In my many adventures and misadventures over the years, I’ve had the privilege of meeting individuals from all backgrounds and walks of life. Such experiences have been both informative and enlightening for me, seeing the world through the eyes of someone with different views and experiences than myself.
Since starting Easter Pup Creations and regularly doing various festivals and Farmer’s/Artisans markets, this has become even more pronounced and varied.
So, lately, I’ve been thinking ( yes, a dangerous pastime – I know ) , and it seems that some of my best customers and favorite people I’ve gotten to visit with at my booth have been “misfits”. I can already hear some of you yelling at me, “’ MISFITS’! How dare you refer to people like that?!”
Let me explain…
First off, I’ve always been a bit of a misfit. Despite outward appearances and the mask I wear showing me as a confident and outgoing person has been just that. A mask I wear. As far back as I can remember, I always felt as if I didn’t fit in and just wanted to belong somewhere. Unfortunately like many others, that desire had led me down some undesirable paths in my past. In school, I had become a photographer (a rather decent one if I may say so) because I not only loved the art, but because I could be included in many things without really being seen. It’s quite easy to hide behind the camera. I intended to pursue a career as a professional photographer but somehow along the way I was introduced to EMS and that took me down a different path with mixed results.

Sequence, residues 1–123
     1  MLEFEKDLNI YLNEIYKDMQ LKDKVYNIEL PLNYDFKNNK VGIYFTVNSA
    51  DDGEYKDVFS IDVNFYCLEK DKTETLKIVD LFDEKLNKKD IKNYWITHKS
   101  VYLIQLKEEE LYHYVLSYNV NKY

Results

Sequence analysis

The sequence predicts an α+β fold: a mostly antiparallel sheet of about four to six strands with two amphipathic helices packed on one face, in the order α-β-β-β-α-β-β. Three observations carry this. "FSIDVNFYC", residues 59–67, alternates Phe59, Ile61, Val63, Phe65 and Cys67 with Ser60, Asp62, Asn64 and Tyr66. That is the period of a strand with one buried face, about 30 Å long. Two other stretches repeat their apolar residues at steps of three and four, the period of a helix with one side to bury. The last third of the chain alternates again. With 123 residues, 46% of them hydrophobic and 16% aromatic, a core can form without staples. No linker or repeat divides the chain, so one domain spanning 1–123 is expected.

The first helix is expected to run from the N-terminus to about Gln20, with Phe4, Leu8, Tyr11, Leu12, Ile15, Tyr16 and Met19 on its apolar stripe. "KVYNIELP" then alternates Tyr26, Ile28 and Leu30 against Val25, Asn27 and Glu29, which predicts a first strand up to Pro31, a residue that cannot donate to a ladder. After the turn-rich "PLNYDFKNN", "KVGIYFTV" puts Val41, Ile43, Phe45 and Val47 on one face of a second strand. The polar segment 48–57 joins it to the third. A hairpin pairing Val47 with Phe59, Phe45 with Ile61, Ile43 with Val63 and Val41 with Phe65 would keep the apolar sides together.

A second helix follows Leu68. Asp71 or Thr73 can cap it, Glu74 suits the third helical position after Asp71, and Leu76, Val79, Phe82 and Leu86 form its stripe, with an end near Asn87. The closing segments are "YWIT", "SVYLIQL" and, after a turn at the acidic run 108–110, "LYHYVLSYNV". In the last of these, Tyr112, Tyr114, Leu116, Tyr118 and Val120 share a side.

In my spiritual growth and journeys, I was lost. I was a seeker. I was afraid to open up yet, I longed to fit in and belong. Granted, I have since found and become an active member of an amazing parish that is open, diverse, caring ,loving and warm. There, my family and I found ourselves welcomed and received with open and welcoming arms.
Even though I’ve become rather active ( I’ve got this issue of opening my mouth too often and find myself involved even more) , I still at times feel anxious and afraid. Afraid, that I don’t belong or fit in.
So, that brings me back around to what I originally started talking about. Misfits.
At a recent festival, I had a customer walk by and when she saw rosaries , she stated “Rosaries!” while crinkling up her face as if she had just smelled the most foul odor. I had another well dressed , mature couple come to my booth interested in my creations, but was not only offended by my memento mori collection due to the skulls but proceeded to tell me how they were inappropriate and question me if I was a real Catholic.
A recent customer of mine whom had purchased a memento rosary turned out to be a popular Goth model on Instagram. I wasn’t aware of her being such, just that she was a very sweet young lady who I enjoyed visiting with. I didn’t discover it until she had posted her rosary and tagged us on Instagram. Through that post, I saw a video she had done on YouTube showing off her rosary and was discussing how many treated her when she dressed up in Goth outfits. I must admit that I was disturbed by the reaction she had received at Mass by others there making unkind, judgmental remarks. That video and her experience is part of what got me to thinking about my experiences with customers and being a misfit myself.